"Q. That means you would have been inside the apartment where they live so you could see what furniture was there?
"A. I would be. He said he had somebody sick in there so I left it go."
[ 205 Pa. Super. Page 24]
Since the constable never entered the premises or saw the goods, there was no manual seizure of any kind. The constable listed a set of items "Beds, Dresser, Stove, ref., table, chairs, and all other goods found on the premises". He said he did not seize these items and did not know whether they were in the property but that he listed them because everybody has these things.
The court below held that this did not constitute a sufficient seizure to work a legally effective distraint. The appellant relies upon the statement of this court in Derbyshire Bros. v. McManamy, 101 Pa. Superior Ct. 514, 523 (1931), quoting the opinion in Furbush v. Chappell, 105 Pa. 187 (1884), to the following effect: "As a general rule, to render the distress complete, there must be a seizure of the property distrained upon; but a very slight act is sufficient to constitute a seizure in contemplation of law. It need not be an actual seizure of the particular goods. If the landlord gives notice of his claim for rent, and declares the goods which he names shall not be removed from the premises until the rent is paid, it is a sufficient seizure." The circumstances in those cases, however, distinguish them from the situation before us. In the Furbush case, the landlord came to the premises and threatened to arrest the seller's agents who were removing the goods. He therefore effectively took control of the goods. Under its facts, it cannot be considered authority for the proposition that a levy may be validly made by mere notice without taking possession, or effective control, of the goods. In the Derbyshire case the landlord prevented a third party claimant from removing the goods from the premises. This was also the situation in Cramer v. Mott, L. R. 5 Q. B. 357 (1870), the leading case upon which the courts in the Furbush and Derbyshire cases relied.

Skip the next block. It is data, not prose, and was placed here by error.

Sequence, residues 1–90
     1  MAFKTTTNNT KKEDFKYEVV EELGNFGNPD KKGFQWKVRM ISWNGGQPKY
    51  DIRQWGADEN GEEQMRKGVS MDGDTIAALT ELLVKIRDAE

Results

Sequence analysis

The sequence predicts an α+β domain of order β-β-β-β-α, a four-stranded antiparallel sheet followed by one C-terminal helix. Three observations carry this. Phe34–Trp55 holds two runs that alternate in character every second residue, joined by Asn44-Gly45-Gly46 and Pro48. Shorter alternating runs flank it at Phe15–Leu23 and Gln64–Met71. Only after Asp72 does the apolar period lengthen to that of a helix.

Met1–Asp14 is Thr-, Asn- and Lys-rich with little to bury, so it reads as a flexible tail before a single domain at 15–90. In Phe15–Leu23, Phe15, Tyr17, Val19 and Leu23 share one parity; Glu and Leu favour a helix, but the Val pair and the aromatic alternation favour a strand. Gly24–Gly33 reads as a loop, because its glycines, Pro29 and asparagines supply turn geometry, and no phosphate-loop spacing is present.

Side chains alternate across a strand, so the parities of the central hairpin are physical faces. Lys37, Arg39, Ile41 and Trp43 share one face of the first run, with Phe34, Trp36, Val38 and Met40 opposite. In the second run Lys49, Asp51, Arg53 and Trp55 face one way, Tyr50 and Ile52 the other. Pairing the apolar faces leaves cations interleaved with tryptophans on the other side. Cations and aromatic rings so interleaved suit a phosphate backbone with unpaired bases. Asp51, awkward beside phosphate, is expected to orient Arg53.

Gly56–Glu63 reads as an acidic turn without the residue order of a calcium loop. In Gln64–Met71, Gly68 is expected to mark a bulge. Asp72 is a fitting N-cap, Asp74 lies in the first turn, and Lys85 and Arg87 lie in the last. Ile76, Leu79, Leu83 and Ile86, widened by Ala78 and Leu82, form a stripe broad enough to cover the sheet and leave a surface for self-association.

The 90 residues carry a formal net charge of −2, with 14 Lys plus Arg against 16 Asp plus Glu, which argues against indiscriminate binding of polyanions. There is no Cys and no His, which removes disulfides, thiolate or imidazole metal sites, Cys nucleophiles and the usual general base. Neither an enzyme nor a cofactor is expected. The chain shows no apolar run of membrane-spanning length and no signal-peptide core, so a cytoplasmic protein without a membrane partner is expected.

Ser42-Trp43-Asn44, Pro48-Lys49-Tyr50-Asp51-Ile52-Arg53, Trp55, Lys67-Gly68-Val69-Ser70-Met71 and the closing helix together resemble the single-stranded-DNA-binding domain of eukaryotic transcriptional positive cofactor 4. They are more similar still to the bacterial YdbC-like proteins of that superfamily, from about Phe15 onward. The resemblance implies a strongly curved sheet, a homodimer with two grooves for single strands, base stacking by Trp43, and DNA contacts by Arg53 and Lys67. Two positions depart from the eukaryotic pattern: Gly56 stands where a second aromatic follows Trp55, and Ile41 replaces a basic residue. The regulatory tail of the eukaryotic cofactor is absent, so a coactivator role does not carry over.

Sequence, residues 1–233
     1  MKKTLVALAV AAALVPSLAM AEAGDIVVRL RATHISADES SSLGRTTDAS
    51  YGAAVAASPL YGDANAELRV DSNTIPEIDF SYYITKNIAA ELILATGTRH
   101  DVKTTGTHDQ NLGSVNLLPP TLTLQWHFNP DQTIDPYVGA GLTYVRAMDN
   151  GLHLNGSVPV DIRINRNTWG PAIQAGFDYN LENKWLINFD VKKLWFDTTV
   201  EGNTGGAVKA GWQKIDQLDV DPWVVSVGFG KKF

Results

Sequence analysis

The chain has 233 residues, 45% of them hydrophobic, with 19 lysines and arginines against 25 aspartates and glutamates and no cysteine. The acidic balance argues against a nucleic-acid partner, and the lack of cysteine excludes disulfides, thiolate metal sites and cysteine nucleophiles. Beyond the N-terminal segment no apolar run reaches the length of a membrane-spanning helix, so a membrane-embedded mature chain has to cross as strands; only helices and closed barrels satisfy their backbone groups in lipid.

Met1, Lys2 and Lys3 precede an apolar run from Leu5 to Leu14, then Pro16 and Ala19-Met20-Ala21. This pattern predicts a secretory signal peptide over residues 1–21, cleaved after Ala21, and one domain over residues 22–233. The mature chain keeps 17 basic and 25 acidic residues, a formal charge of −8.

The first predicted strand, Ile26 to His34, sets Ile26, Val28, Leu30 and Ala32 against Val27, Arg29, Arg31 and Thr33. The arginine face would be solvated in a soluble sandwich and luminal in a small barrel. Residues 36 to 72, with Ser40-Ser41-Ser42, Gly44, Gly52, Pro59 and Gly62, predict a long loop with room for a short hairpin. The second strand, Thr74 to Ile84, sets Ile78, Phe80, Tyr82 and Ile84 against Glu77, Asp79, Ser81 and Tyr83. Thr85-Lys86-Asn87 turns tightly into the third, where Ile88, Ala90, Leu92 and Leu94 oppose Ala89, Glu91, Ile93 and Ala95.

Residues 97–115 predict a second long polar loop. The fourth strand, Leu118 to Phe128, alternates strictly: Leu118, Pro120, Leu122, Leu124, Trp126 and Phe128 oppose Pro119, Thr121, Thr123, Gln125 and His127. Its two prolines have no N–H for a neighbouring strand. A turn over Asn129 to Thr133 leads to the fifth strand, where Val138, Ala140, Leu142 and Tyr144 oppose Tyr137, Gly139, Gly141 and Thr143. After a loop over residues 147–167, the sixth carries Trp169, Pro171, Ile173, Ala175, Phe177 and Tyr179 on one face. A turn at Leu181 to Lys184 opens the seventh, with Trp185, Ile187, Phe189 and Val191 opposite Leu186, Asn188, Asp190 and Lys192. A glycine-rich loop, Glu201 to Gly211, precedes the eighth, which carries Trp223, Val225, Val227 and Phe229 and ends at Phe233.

[ 205 Pa. Super. Page 25]